According to a survey titled ‘The Status of Policing in India Report 2019’ released recently, on an average there are six computers per police station in the country, but Bihar has an average of less than one computer per police station.
No wonder that the state is ranked third from bottom when it comes to implementation of the Centre’s ambitious project — Crime and Criminal Tracking Network System (CCTNS).
While Punjab topped the list with 17.36% of its police stations entering their FIRs on the CCTNS software, Madhya Pradesh stood second (16.93%) and Haryana (15.65%) third, respectively. Bihar ranked third from the bottom (8.57%) after West Bengal (8.24%) and Assam (2.68%).
The report also quoted data released by the ministry of home affairs (MHA) in January this year, which showed that about 14,724 police stations out of 15,705 police stations in the country were entering FIRs on the CCTNS software.
Going by the MHA data, about 94% of the country’s police stations lodged FIRs with the help of the CCTNS, which helped the police in scientific investigation of the criminal cases. Though the initiative was launched in 2009 following the 26/11 terror attack in Mumbai, Bihar didn’t show much interest on this front.
However, a senior state police officer said that around 500 police stations out of 894 across the state would be connected with the CCTNS system by October this year. “The work is going on war footing and we hope to achieve the target by the first week of October,” said Dr Kamal Kishore Singh, IG of State Crime Record Bureau.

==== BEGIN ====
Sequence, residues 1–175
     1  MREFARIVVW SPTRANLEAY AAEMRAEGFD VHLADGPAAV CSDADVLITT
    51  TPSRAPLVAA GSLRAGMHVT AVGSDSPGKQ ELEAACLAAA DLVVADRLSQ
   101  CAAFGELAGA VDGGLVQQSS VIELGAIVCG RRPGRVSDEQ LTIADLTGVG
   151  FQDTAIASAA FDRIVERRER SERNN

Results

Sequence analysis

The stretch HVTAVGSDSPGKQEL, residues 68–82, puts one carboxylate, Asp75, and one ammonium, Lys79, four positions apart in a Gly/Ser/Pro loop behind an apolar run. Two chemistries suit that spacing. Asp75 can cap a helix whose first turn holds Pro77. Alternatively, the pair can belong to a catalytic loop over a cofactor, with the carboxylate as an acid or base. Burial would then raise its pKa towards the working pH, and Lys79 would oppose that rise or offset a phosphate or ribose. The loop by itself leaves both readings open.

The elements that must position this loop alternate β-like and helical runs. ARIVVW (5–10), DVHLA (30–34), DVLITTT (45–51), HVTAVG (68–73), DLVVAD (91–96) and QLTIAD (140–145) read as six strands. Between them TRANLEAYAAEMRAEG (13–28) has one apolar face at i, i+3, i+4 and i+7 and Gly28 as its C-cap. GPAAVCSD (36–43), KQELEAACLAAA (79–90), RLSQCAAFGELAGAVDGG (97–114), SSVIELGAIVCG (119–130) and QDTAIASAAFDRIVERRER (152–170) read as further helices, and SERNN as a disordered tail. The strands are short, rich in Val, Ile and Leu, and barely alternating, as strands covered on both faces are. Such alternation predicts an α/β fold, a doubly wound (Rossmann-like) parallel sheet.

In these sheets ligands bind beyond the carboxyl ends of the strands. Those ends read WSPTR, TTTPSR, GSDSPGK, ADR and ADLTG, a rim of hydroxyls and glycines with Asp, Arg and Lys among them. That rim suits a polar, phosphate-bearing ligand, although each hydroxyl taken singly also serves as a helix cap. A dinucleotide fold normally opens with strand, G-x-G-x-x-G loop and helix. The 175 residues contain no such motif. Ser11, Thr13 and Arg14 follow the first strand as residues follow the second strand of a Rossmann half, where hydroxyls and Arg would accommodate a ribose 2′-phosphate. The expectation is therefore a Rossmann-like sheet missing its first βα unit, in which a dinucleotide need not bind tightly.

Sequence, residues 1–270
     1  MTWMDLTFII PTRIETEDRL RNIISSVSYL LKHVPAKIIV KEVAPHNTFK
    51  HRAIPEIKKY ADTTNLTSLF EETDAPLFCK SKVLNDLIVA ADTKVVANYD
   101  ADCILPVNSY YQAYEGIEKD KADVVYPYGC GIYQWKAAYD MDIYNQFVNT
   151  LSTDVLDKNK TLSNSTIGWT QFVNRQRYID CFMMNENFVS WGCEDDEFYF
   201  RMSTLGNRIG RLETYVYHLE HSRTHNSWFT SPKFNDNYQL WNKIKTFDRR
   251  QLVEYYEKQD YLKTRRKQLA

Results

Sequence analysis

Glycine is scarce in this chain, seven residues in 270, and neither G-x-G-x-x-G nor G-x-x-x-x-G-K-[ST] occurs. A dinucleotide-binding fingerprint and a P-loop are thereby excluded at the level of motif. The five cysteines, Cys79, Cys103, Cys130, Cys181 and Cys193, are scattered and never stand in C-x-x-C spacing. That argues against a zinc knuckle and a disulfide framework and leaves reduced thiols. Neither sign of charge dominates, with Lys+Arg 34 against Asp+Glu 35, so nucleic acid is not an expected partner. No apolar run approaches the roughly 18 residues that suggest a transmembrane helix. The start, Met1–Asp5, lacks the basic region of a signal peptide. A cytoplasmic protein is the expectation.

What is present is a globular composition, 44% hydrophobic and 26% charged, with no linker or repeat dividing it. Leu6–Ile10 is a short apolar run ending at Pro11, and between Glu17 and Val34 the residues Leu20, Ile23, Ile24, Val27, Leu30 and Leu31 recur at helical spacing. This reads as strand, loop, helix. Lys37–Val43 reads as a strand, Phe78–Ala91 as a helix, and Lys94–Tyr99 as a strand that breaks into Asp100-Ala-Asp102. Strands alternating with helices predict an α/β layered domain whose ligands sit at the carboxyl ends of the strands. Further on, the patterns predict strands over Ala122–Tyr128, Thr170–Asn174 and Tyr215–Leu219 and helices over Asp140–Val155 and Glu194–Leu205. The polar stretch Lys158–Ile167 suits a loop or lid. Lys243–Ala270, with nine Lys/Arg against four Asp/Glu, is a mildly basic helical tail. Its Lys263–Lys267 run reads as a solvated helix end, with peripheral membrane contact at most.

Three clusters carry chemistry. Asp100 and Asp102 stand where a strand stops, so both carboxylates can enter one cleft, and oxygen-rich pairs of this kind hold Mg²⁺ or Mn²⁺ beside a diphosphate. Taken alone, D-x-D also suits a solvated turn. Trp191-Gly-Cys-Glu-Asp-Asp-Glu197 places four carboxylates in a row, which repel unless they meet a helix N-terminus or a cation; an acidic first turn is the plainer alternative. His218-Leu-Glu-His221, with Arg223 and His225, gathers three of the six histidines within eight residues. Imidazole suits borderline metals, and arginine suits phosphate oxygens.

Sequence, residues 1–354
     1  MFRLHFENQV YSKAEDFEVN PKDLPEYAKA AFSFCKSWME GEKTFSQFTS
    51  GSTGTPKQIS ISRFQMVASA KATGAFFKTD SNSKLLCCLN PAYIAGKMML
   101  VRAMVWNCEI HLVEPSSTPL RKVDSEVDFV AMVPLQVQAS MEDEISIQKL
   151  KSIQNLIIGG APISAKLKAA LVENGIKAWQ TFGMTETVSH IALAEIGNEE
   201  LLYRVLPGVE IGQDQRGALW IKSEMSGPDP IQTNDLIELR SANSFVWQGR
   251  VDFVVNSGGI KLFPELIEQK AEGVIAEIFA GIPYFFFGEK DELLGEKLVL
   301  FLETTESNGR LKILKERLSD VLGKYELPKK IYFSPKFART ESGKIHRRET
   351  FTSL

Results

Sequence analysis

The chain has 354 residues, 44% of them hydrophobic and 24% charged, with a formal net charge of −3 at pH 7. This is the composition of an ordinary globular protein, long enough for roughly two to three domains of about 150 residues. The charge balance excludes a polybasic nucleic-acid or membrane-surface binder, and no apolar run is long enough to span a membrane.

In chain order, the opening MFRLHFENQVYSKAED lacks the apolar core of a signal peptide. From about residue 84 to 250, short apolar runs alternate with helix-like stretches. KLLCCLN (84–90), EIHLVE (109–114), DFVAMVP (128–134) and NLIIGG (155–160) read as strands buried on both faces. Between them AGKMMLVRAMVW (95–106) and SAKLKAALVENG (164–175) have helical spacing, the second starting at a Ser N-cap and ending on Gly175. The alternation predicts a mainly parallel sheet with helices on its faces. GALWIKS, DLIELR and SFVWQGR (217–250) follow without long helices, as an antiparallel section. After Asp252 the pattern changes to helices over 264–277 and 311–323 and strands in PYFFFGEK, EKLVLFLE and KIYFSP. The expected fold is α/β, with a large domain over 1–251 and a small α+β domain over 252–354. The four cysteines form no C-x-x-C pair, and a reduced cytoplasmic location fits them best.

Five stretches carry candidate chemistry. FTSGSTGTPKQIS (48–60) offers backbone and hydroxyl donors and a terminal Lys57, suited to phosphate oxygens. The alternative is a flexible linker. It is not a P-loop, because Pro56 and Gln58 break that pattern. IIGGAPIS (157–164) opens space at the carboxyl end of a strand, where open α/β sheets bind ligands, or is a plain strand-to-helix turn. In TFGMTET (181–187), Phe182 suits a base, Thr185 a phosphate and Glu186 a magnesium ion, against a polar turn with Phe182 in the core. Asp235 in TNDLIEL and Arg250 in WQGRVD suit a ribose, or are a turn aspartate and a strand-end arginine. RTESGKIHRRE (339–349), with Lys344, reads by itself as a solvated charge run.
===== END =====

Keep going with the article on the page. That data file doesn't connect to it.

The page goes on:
Singh, who is monitoring the CCTNS work, revealed that in the first phase, 500 police stations would be connected and the remaining would be linked in the next phase. “The state had earlier fixed a September deadline but it will be delayed a bit,” he said on Friday.
In September last year, the state police had signed an agreement with Tata Consultancy Services (TCS) to execute a Rs 250 crore CCTNS project.
Authoritative sources said the Bihar police accelerated the process only after the Centre warned that it would withdraw the fund for the CCTNS project. The TCS has been assigned to connect 894 police stations and officers of 380 higher officers through internet.
An ADGP rank police officer, who was earlier associated with the CCNTS project, said in 2012 an agreement was signed with the Indian Telephone Industries (ITI), a PSU but the contract was scrapped in 2014 due to slow pace of work.
Once the project is completed, lodging of an FIR, fingerprint database of arrested criminals, maintenance of goonda register, gang register and chargesheet filing would be done digitally and data sharing among police stations will become easy, the police officer said, adding that it would also bring transparency at their workplace.
Shobhanand Suman, a resident of Kashipor locality in Samastipur town, would not have to run from pillar to post to convince the police officials that his Bullet motorbike, which was stolen on August 10, belonged to him, had the CCTNS been implemented earlier.
Suman’s motorbike was stolen by a gang of vehicle lifters from the district headquarters town. On August 24, Suman came to known from his own sources that his vehicle had been recovered by the Mufassil police station. “When I visited Mufassil police station, the officer on duty asked for the copy of the FIR to get back the vehicle. When I told him that the vehicle belonged to me, he simply refused and didn’t hand over my motorbike,” Suman lamented.
Suman’s petition for lodging of an FIR was earlier turned down by the officer posted at the Samastipur town police station. “I am the victim of the system, which lacks basic infrastructure,” he rued.